Since the late 1980s, Japanese video game designers have been creating worlds that take players away from the modern urban landscape.
Shigeru Miyamoto’s 1980s experiment in immersive visual design and ambient music, The Legend of Zelda, heralded the ensuing era of the modern ambient video game. After Nintendo released the game in 1986, other Japanese video game makers tacitly acknowledged sound design’s ability to regulate people’s moods in modern urban cities.
Throughout the early 2000s, the concept of the ambient video game as a tool to enable self-care, meditation and decompression became increasingly popular. The release of The Legend of Zelda: Breath of the Wild just last year is a touchstone in the experience of briefly inhabiting a relatively realistic, mythical, and hospitable non-urban environment.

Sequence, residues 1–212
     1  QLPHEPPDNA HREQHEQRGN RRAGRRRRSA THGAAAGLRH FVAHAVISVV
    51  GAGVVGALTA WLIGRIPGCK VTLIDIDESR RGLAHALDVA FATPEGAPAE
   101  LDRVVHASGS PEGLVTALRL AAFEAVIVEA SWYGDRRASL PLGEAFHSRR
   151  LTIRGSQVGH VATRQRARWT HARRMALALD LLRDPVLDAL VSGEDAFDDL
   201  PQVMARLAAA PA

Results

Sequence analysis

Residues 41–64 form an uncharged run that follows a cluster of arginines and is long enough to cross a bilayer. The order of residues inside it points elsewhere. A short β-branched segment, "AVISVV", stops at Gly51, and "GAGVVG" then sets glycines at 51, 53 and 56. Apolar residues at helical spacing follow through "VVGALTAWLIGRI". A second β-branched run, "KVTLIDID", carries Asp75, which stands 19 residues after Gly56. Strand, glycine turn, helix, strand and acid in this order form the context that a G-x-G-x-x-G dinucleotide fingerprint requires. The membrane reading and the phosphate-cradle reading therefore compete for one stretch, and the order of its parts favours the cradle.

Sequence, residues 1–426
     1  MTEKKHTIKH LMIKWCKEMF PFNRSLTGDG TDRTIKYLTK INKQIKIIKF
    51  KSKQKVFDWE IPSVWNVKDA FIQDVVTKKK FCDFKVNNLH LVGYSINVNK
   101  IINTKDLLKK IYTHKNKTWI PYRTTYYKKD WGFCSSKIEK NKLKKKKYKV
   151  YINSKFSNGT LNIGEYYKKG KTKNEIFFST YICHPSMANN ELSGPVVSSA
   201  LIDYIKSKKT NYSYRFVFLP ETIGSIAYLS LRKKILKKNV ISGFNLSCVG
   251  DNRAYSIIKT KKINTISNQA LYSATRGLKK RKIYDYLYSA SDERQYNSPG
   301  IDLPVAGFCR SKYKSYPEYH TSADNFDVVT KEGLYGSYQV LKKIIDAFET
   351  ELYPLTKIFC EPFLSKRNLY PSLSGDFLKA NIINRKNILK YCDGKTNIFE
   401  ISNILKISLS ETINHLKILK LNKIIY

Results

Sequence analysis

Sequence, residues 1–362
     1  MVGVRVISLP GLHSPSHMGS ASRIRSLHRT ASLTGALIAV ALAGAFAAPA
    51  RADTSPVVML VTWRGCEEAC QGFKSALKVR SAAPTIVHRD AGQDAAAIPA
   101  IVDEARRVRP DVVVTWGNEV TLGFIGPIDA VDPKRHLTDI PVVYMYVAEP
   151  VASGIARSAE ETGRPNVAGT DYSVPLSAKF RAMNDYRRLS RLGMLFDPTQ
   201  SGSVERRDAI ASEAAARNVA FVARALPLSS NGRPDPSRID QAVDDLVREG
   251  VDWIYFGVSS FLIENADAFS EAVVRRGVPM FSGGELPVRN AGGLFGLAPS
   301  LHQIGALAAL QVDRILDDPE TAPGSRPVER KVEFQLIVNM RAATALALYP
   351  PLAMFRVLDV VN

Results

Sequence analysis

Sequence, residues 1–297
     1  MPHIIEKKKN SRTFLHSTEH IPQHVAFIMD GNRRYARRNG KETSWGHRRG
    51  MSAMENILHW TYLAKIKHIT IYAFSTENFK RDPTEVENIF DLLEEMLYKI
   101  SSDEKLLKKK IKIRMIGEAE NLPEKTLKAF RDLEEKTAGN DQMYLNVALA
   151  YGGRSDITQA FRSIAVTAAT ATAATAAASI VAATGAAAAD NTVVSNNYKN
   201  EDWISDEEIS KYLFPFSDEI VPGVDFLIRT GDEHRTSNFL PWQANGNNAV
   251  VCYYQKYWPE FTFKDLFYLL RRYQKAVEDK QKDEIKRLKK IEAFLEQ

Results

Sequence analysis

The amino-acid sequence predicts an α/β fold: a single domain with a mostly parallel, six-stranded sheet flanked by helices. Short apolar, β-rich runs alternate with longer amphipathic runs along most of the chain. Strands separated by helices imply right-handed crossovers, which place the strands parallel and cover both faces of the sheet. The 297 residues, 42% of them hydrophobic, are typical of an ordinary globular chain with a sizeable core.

As a recent article in The Outline describes, Breath of the Wild‘s soothing qualities weren’t created in a vacuum, but were the product of trends and processes in ambient music and video game sounds design that have developed since the early noughties. Shadow of the Colossus, another open-world game set in an imagined pre-modern Japan, is perhaps the clearest example from which Breath of the Wild poaches its reflective mood and atmosphere; Brian Eno’s Music For Airports—which is now playing on a loop at London City Airport—is another important reflection of the growth in this creative trend in the last 30 years.
To read the entire fascinating history of the ambient video game, read the entire article here. Then, check out this playlist of awesome Japanese ambient tracks to chill out to, one of our favorites of which you can listen to above.